This gossip was exceedingly gratifying to Mildmay,
and it was soon arranged, that he would go home in a
“skiff,” as there was water enough for that purpose. The
baggage was removed to the light boat, the two negroes
took their places as oarsmen, and Graham helped Annie
into the stern, and took his place beside her. In the
course of two hours they were sailing merrily along, soon
comparatively to be at the end of the journey.

As the skiff proceeded, Graham explained to Annie
how it was, that in “high water,” the dark muddy sluiceway
through which they were then travelling would contain
a flood, in which the largest ships could navigate; and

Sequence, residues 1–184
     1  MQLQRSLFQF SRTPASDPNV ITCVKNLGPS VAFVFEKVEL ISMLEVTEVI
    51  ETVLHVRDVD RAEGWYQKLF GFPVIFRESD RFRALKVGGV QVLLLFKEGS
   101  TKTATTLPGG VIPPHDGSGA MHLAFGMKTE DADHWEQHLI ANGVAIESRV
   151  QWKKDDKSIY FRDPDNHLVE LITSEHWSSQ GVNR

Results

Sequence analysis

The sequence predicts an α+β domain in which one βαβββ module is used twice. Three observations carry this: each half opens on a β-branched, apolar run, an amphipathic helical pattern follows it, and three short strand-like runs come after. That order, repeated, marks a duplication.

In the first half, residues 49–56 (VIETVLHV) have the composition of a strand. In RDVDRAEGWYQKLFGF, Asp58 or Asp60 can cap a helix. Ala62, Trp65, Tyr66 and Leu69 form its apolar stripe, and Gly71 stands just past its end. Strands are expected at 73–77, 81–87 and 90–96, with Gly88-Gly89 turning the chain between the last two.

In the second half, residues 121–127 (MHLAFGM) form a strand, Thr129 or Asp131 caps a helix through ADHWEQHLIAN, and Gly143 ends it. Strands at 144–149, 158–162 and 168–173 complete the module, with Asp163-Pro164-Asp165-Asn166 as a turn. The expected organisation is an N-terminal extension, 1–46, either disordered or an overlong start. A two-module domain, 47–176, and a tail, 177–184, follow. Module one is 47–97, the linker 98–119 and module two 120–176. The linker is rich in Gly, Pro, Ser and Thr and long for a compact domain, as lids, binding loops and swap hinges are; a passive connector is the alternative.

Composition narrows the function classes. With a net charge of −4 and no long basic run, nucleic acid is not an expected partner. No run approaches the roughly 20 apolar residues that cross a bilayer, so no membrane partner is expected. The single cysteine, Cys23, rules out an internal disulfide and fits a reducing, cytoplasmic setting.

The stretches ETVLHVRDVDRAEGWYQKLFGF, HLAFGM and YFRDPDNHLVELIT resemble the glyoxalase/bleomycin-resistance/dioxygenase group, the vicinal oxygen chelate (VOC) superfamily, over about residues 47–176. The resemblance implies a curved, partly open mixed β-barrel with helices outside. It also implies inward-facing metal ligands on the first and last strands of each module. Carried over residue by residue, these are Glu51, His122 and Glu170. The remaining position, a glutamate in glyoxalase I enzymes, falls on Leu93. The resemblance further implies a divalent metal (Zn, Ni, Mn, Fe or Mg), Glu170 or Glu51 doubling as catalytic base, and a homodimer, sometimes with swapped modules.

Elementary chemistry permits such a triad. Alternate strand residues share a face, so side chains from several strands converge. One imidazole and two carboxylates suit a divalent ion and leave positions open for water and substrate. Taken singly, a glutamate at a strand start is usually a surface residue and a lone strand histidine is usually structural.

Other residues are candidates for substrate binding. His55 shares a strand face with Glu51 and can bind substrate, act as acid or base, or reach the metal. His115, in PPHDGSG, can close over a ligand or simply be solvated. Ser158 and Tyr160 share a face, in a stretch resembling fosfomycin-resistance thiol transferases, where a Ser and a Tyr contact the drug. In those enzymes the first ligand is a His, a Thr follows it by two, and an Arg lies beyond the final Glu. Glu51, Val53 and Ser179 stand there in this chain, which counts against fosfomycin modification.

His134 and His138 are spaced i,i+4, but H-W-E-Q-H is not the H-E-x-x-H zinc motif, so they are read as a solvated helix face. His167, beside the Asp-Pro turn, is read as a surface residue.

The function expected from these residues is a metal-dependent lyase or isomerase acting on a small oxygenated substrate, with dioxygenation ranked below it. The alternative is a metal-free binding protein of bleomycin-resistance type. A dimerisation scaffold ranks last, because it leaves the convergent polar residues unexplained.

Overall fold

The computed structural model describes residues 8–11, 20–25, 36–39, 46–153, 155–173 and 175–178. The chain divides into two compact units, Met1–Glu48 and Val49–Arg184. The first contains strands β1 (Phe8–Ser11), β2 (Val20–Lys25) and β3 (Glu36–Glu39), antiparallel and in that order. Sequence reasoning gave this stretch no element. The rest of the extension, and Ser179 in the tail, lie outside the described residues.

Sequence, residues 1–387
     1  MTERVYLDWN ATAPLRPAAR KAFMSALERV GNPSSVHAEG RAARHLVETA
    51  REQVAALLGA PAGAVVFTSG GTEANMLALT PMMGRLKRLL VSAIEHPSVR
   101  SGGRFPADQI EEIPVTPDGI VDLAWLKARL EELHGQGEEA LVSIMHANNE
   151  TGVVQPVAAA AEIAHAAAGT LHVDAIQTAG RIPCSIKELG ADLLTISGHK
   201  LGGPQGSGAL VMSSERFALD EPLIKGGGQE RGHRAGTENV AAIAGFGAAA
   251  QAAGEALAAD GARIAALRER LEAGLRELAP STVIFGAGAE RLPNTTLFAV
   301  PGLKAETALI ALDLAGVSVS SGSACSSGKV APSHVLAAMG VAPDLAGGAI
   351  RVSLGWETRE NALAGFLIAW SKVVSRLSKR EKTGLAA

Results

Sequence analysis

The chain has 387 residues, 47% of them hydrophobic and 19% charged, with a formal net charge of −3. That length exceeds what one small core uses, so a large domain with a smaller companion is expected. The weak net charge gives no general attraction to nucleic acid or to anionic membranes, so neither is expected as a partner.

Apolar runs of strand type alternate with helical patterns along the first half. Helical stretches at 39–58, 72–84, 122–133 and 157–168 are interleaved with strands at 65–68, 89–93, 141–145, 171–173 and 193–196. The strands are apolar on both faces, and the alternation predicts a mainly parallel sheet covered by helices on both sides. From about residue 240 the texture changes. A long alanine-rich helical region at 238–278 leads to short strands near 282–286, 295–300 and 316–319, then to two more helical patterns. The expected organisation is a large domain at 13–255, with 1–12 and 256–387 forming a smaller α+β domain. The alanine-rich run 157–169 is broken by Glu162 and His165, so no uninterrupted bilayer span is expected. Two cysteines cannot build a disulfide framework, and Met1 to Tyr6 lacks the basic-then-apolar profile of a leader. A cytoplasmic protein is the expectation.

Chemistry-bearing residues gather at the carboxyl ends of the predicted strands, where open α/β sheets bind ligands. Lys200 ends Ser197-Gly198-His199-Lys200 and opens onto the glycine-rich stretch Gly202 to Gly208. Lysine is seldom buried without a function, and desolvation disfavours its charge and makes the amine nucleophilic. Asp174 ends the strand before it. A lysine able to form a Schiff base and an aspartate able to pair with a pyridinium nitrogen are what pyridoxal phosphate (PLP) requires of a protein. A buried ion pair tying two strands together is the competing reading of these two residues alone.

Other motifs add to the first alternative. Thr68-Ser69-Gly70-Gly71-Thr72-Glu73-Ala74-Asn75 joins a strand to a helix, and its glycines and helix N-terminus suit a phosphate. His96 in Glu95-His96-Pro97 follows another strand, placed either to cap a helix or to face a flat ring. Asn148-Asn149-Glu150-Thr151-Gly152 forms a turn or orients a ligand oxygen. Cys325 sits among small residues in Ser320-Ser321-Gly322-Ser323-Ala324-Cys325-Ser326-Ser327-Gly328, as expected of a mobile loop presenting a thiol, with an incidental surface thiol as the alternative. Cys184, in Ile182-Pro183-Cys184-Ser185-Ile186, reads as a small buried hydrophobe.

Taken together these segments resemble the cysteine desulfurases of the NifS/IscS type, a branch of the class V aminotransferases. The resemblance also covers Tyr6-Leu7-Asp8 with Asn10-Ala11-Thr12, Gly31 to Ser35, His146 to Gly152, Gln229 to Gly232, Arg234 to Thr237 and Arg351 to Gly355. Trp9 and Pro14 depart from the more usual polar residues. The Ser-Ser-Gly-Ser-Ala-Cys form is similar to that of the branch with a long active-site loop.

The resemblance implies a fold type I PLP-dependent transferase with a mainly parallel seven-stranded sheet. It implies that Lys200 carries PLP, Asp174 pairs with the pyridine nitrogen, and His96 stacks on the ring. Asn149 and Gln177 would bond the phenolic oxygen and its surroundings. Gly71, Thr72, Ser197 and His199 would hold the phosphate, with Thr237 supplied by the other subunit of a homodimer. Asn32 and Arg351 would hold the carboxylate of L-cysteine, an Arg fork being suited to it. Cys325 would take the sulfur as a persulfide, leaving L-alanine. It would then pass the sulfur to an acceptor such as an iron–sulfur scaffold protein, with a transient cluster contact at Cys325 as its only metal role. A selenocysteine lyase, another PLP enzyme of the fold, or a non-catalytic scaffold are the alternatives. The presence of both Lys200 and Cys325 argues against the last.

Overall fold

Page 88
by other descriptions of scenery, and pleasant incidents, he
beguiled the time.

Gradually the sun settled down in the west, and the
deep, dark shadows of the primitive forests shrouded the
earth; Annie instinctively clung closer to Graham, her
terrors in spite of herself, sometimes almost overcoming
her self-possession.

Four hours had passed away, when in the bend of the
bayou, far ahead, Annie saw, rising up from among the
trees, a stately mansion. It presented an imposing effect
in the dim light.

“Is that a delusion?” said Annie, pointing to the
house, that seemed, from the motion of the skiff, to be itself
moving about.

Graham stared curiously a moment, and then recognized
Annie's home; but so altered, by a thorough painting,
since he had been away, that for a moment he did not
know it himself.

“That is the end of our journey; in a few moments
more we shall be in our own house.”

“I can hardly realize it,” said Annie; “and more,
it seems so strange, to see such mansions rising out of
these desolate-looking woods.”